“All my friends and family are here,” country singer/songwriter Suzanne Harper tells the Reader, “but it’s time to go.” Go where? She and her husband Ross, their two children, and a fellow band member named Eric Bird and his wife will be pulling up stakes and moving to Nashville on August 11. Harper says that Ross is also a big part of her band and the songwriting process, and that Bird is the master of crafting song hooks. “This is actually my fourth trip back there. The last time, we met John Carter Cash (son of June and Johnny) and he invited me to make a record with him.” Which she did. “It’s been mixed and mastered, and we’re now in the process of label shopping.”
"In the Dirt"
Suzanne Harper (Talk Like June) performing her original live in Nashville
Harper is 32. She was born and raised in Escondido. No stranger to the local stage, she came to prominence on a FOX television talent contest filmed in Valley Center three years ago called Three Minutes to Stardom. She did not win, but soon after, the mother of two did win Female Entertainer of the Year at the North American Country Music Association awards. “It was actually, like, a week later,” she told the Reader last year. "We wrapped that show in what, March? And then I went to Nashville. I didn’t stay bummed too long.”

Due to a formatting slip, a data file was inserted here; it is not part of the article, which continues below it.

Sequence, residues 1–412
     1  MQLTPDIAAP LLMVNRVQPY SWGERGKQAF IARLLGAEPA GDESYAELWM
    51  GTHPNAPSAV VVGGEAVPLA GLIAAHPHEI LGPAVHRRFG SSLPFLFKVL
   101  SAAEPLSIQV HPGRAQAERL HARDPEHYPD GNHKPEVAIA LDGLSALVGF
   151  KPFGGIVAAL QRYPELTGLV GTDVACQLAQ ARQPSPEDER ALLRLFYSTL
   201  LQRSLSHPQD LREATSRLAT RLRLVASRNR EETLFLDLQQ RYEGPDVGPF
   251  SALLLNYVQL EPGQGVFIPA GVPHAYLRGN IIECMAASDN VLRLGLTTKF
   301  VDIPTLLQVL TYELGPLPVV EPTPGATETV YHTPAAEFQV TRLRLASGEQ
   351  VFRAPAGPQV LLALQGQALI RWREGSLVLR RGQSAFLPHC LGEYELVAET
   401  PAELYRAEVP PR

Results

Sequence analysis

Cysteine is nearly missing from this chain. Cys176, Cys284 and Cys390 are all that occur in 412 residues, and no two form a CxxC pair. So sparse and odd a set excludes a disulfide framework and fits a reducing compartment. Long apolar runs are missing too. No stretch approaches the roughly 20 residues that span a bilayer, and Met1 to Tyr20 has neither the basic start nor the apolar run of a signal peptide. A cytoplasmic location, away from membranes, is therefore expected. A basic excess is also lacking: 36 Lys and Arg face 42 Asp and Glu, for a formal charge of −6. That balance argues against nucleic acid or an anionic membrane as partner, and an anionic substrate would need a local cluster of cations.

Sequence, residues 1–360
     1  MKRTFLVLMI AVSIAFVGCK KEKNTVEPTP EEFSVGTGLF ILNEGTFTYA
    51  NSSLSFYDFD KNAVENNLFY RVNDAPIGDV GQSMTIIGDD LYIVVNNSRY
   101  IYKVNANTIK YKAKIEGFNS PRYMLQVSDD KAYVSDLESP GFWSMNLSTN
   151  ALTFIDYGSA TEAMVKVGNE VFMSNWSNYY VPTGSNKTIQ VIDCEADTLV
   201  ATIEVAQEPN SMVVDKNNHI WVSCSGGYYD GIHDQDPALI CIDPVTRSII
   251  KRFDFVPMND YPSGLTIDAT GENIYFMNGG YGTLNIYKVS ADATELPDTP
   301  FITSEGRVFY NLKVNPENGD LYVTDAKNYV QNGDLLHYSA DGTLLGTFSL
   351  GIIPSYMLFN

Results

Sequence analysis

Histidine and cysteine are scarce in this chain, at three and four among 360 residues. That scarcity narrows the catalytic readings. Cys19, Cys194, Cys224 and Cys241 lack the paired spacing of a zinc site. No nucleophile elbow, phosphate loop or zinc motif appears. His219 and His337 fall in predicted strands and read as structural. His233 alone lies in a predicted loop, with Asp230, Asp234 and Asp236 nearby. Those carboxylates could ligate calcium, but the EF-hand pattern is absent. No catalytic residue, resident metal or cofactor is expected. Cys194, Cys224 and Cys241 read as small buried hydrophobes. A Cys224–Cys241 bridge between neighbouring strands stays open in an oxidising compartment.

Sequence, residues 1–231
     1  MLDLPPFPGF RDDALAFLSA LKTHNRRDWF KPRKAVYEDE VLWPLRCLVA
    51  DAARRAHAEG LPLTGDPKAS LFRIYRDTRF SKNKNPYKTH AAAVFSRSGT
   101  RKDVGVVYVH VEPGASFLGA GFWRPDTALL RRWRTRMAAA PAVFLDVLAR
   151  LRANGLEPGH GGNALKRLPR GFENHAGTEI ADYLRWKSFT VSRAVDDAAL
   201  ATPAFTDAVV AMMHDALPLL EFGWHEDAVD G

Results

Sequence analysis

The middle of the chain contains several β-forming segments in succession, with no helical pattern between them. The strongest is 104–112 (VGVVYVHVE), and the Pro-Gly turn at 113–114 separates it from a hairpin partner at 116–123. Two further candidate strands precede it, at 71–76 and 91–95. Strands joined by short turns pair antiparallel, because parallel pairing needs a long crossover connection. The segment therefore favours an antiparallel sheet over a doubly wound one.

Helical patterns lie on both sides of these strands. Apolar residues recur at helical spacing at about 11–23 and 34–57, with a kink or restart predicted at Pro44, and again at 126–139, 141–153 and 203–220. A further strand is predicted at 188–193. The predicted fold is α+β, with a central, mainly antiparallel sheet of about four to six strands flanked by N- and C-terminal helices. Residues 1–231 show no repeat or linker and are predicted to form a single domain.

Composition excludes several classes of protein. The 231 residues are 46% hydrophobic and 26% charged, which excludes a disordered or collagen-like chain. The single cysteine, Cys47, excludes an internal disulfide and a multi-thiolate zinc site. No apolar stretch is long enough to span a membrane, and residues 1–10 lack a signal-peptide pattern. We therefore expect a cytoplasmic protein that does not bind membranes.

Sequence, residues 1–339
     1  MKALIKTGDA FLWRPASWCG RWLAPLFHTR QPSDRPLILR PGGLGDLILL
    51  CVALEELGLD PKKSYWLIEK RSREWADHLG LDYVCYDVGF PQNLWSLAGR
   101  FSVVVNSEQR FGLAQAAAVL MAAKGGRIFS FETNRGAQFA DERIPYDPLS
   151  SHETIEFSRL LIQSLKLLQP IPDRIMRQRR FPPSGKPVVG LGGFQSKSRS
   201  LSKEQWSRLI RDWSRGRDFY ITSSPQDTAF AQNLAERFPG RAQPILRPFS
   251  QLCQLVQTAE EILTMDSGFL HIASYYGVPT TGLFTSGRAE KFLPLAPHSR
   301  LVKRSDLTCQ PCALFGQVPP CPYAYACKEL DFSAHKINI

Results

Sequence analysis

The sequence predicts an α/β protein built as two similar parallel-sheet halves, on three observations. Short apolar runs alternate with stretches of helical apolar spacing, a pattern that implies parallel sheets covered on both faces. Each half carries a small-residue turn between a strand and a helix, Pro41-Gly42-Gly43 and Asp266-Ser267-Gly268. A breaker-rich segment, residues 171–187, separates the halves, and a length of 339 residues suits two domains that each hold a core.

Next, Harper went on to win second place in a field of 25,000 contestants in the Texaco Country Showdown, said to be the longest-running talent contest in the nation. “A big part of the decision to move comes from meeting the right people,” she says of the contacts she cobbled together during the contest. “We’re not flying blind with nothing in our pockets and our guitars on our backs.” Ross Harper (he plays banjo and mandolin with Harper and Bird) was able to get a job transfer in his chosen field of respiratory therapy. “It’s cool to be able to go there with a Plan B and not have to scrape by for money.”
The band is Suzanne Harper and Talk Like June, as in June Carter, who also happens to be John Carter Cash’s mother. Although John Carter Cash, she says, was touched by the gesture, Harper says she named the band long before she met Cash. “He’s been so cool to us. We’ve heard all these horror stories about how Nashville can be so hard. Well, the higher up on the industry totem pole they are, the friendlier and more down-to-earth they seem to be.” Harper says she’s likewise developed some “really good songwriting contacts,” that she plans to work on her writing at first, followed by session work and gigging. “But a lot of your bread and butter,” she says, “comes from songwriting.”